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The Squid Game Reality Show Erases Asians

The Squid Game Reality Show Erases Asians

When I was young, I used to spend entire days with other kids in small alleys of Incheon, South Korea, playing various childhood games. We all lived in the same neighborhood, so there was no need to arrange playdates for us to meet. We simply walked outside and played till the sun went down. Every day, the members changed—some were friends of mine, some were fresh faces, but it didn’t matter. We played the game together once we were in the same alley. Due to the varying ages of the children, there was always a “kkakdugi” in our plays. Kkakdugi is a sliced radishi kimchi that represents the weakest player in children’s games. The youngest member usually becomes kkakdugi and plays for both sides. In this way, no kid was left out, and we all played together. No exclusion was the key for these childhood plays.

Two years ago, a Netflix series named after one of our childhood games, Squid game, was released. The Korean TV show became a huge hit worldwide. It feels surreal for me, having lived in the U.S. since 2007 and studying and teaching media representation of minorities in university, to see a show that speaks to Koreans and features familiar games become a global sensation on Netflix.

Recently, it was remade into a reality TV show in Britain. Similar to the original, the reality show debuted at number one on Netflix in the U.S. and quickly became a trend. Despite criticism for deviating from the original show’s theme, which was a critique of capitalism and the system of inequality, the reality TV show certainly shares many similarities with the original, including the same number of players, games, sets and dormitory, and prize money.

However, a significant difference exists between the two shows: in the reality TV show, there are no prominent Asian players until Episode 4. Naturally, the original show is South Korean, and the reality TV show is British. As a result, they cannot be the same. Nevertheless, it is still peculiar to observe the absence of Asian players until the middle of the show. Considering that approximately 9.3% of the British population is Asian, one might expect to see more significant Asian representation than just a handful of Asian representation than just a handful of players.

With the increasing focus on DEI (Diversity, Equity, and Inclusion), there has been improvement in the media representation of Asian communities in Hollywood. According to a USC study, the percentage of Asian characters with speaking roles grew from around 3% to nearly 16% from 2007 to 2022.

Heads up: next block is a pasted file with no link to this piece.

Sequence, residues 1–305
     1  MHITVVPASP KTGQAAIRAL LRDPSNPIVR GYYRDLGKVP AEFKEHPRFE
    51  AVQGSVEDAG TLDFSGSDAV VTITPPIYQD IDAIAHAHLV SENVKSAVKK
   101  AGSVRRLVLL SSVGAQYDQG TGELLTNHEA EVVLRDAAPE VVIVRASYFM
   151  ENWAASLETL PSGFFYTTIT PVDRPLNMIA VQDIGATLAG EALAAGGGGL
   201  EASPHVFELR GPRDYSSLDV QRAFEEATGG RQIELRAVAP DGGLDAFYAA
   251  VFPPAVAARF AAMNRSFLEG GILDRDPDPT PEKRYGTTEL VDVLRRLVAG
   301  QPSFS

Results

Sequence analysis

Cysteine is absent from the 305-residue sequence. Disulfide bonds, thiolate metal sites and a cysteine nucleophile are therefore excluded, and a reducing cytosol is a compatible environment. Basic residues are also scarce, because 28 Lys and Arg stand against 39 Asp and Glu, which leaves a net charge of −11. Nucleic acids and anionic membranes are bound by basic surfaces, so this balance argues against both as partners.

For example, movies like Crazy Rich Asians and Shang Chi featuring Asians as main characters mark a significant shift, considering that Asians were rarely cast in leading roles in U.S. media. They are portrayed as social, powerful, and expressive individuals. Some are seamlessly integrated into mainstream society, while others are actively engaged in larger tasks beyond their ethnic community.

However, there is still ample room for improvement in the portrayal of Asians in the media. Asians are frequently overlooked, lacking proper representation, visibility, and thoughtful consideration in the media landscape. They are often depicted as “others,” not fully part of the depicted community. A similar situation unfolded in the realty TV show as well. Asian players were rarely highlighted in the show until it became necessary. In fan communities, audiences wondering why Asian players were underrepresented, and their contributions were not showcased as others.

Yet, during the “red light, green light” game, the instructions were given in Korean with the command “Mugunghwa kkoch-i pieossseubnida (The Rose of Sharon flower has bloomed),” reflecting its Korean version.

Visibility matters, and correct media representation is crucial. When people see faces similar to theirs on screen, it fosters a sense of inclusion in the community. Accurate representations without bias not only benefit individuals but also contribute to a broader understanding of minorities. In this sense, it is essential for Asians to be included in Hollywood storylines and media in general, avoiding portrayals as sidekicks or mere tokens of culture.

I recently watched Squid game: the challenge. It felt odd to see that none of the players look like me, yet they played my childhood games and ate my childhood snack—dalgona. It was a bittersweet feeling: sweet because I heard familiar Korean in a British TV show, but bitter as if I have been excluded from the games and playground. I imagine an inclusive TV shows, perhaps one with kkakdugi, where no minorities feel excluded.

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